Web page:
*Two of the heirs in line to get a chunk of Prince’s multimillion-dollar fortune have accused the estate’s special entertainment advisers of mismanaging the October tribute concert and keeping profits the estate was guaranteed to receive.
According to Billboard, Prince’s sister Tyka Nelson and his half-brother Omarr Baker are seeking at least $7 million and pointing the finger at veteran entertainment attorneys L. Londell McMillan and Charles Koppelman, who were both hired by the estate to help monetize Prince’s entertainment assets and have entered a number of licensing agreements on behalf of the estate.
As previously reported, Nelson and Baker last week opposed McMillan being appointed a special adviser to the estate, favoring former Prince associate and CNN commentator Van Jones for the role. The judge ultimately ruled that a special adviser was not necessary.
In their documents filed with the Carver County District Court, where Prince’s probate case is being heard, Nelson and Baker also argued that Bremer Trust, the temporary special administrator of the estate that hired McMillan and Koppelman, should be liable for the attorneys’ actions and should not be discharged until the heirs received a proper accounting of the profits from the concert.
Bremer, which was appointed by the court to temporarily administer Prince’s estate shortly after his death on April 21, is currently scheduled to turn over its management duties to a permanent representative, Comerica Bank and Trust N.A., at the end of January.
“The allegations are wildly and unethically false as well as damaging to the Estate and Heirs who gained financially,” said McMillan in a statement to Billboard. “Our focus remains to protect and maximize the value of the Prince estate and legacy. I understand the appropriate responses to these absurd comments will be forthcoming by Bremer.”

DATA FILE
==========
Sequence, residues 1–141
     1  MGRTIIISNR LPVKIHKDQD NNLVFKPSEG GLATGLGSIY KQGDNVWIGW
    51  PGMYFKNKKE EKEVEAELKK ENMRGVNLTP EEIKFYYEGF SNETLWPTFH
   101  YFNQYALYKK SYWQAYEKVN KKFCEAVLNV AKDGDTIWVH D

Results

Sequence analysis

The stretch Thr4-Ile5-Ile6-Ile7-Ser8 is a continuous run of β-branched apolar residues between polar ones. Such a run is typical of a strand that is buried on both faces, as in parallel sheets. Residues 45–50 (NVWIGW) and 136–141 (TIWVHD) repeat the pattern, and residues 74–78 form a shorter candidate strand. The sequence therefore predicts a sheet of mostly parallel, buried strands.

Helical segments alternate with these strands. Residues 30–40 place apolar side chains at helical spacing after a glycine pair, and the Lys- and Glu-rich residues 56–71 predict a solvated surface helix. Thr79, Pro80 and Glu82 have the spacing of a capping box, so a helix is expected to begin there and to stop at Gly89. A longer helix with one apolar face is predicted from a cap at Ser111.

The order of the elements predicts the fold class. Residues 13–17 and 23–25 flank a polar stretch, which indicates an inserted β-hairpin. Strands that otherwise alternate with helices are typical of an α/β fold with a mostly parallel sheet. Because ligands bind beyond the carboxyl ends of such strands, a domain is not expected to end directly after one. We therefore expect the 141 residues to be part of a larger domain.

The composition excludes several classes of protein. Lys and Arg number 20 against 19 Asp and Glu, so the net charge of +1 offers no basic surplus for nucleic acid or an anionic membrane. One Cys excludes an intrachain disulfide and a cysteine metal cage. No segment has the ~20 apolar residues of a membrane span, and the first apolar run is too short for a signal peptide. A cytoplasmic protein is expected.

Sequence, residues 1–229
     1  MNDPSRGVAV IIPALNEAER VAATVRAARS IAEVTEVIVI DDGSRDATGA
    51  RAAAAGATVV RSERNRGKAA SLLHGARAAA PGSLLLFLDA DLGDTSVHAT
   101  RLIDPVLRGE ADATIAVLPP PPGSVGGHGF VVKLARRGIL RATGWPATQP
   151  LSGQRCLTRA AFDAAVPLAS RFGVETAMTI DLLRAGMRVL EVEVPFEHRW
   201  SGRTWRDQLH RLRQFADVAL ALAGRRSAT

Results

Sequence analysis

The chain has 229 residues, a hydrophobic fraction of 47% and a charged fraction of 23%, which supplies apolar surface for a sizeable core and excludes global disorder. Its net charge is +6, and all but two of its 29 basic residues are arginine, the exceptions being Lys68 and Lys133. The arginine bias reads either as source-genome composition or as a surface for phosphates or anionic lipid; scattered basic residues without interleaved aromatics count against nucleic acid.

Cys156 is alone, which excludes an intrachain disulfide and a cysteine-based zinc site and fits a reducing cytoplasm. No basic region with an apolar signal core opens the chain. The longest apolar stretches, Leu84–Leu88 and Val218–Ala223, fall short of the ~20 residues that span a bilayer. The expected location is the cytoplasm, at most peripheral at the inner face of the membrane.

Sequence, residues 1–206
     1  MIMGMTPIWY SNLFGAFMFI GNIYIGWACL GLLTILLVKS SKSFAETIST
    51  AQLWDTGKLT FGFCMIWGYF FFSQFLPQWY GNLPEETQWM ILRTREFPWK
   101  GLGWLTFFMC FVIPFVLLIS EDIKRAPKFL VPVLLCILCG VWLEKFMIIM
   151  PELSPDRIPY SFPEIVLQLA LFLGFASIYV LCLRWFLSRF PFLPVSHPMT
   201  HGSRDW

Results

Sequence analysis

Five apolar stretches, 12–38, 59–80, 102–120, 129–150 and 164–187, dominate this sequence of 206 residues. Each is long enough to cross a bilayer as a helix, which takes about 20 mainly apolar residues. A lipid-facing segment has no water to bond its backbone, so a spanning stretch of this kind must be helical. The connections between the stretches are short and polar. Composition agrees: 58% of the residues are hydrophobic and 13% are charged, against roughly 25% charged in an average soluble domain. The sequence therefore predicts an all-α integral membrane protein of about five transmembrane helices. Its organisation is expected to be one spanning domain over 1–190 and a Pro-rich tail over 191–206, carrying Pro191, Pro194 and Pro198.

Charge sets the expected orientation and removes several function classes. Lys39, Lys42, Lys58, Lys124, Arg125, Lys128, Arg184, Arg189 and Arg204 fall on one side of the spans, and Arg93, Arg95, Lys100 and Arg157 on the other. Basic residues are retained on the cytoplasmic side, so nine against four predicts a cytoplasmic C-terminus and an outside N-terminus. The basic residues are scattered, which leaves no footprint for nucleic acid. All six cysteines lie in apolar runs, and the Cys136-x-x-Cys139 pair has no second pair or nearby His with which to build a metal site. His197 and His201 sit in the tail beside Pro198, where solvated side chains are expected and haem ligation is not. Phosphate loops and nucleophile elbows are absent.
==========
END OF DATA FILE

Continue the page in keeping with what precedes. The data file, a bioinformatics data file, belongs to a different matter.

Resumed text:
Originally planned for the new U.S. Bank Stadium in Minneapolis, the tribute concert was later moved to the smaller Xcel Energy Center in St. Paul. Along the way, some performers were announced before they were confirmed, and other performers dropped out along the way.
According to Nelson and Baker, Bremer, on the advice of McMillan and Koppelman, hired Jobu Presents, a company formed solely to promote this concert, instead of more experienced promoters. Jobu backed out, but still paid McMillan a commission, which Bremer never tried to recoup, the heirs allege.
“Mr. McMillan profited greatly from the sold-out tribute concert and the after-party from the use and exploitation of estate assets,” the document states, adding that Bremer failed to seek compensation from McMillan.
McMillan represented Prince for 13 years and freed him of his Warner Bros. contract in the ’90s.
Nelson and Baker claim that in addition to the concert proceeds, Bremer’s final accounting does not list the full value of other estate assets, including revenue streams from Prince’s recordings. The overall value of the estate is currently estimated to be as much as $300 million.